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Prosecution approaches end of its case in Peterson trial

By Steve Schmadeke, Matthew Walberg and Stacy St. Clair, Chicago Tribune –

CHICAGO—Prosecutors in the Drew Peterson murder trial expect to wrap up their case Monday after 17 days of testimony from more than 30 witnesses.

On Friday, prosecutors attempted to tie up some last loose ends in their case, calling a Sprint Nextel representative to provide context for phone communications between Peterson and his fourth wife, Stacy, in 2004.

Stacy Peterson’s pastor, Neil Schori, testified a day earlier that she told him she tried to call Drew Peterson when she woke one night and found him gone.

Drew Peterson later came home dressed in black, dumped a bag of women’s clothing in the wash and coached her to lie to cover his slaying of his ex-wife Kathleen Savio, Schori testified that Stacy Peterson told him.

There are no cell phone records of calls between Stacy and Drew Peterson at the time, but prosecutors believe the two communicated via a direct-connect radio “chirp” feature on their phones.

The former Bolingbrook police sergeant and his new wife communicated using the chirp feature for about 270 minutes the month Savio died, testified Norman Clark, a Sprint Nextel custodian of records.

Also on Friday, Bolingbrook police Lt. Brian Hafner told jurors that Drew Peterson was appointed a crime scene investigator in 1981 and received eight hours of evidence training. Prosecutors believe that Peterson staged the scene of Savio’s death to make it look like an accident.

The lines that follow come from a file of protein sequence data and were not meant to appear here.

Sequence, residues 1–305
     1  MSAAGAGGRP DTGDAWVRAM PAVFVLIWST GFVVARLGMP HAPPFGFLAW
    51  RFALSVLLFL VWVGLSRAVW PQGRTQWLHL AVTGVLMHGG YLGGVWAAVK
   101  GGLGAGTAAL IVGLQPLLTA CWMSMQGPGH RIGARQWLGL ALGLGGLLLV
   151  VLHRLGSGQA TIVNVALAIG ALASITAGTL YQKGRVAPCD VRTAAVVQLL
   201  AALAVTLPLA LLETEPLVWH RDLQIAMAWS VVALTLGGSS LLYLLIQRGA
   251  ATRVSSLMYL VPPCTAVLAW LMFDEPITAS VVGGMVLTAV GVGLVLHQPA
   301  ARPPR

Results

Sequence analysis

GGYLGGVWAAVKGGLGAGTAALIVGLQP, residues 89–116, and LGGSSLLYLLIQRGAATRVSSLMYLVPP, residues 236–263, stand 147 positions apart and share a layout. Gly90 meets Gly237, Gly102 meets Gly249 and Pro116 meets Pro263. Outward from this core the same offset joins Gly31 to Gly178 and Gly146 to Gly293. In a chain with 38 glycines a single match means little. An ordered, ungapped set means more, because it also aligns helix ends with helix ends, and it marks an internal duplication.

The lieutenant was not allowed to testify about training Peterson received on police holds. Prosecutors believe that Peterson drowned Savio in her Bolingbrook bathtub after using a chokehold to render her unconscious.

Hafner previously testified that Peterson had received 32 hours of nunchucks training when officers carried the martial arts weapon in the 1980s.

Outside the courtroom, Will County State’s Attorney James Glasgow declined to characterize how the case has gone but told reporters that “it’s good to come to the end of our case.”

“We look forward to proceeding next week,” he said.

Defense attorneys continued to say that prosecutors don’t have a case against Peterson. No physical evidence links him to Savio’s death, which was first treated as an accident.

“The framers of the Constitution would barf on this evidence,” defense attorney Joseph Lopez yelled while appearing on TV outside the courthouse.

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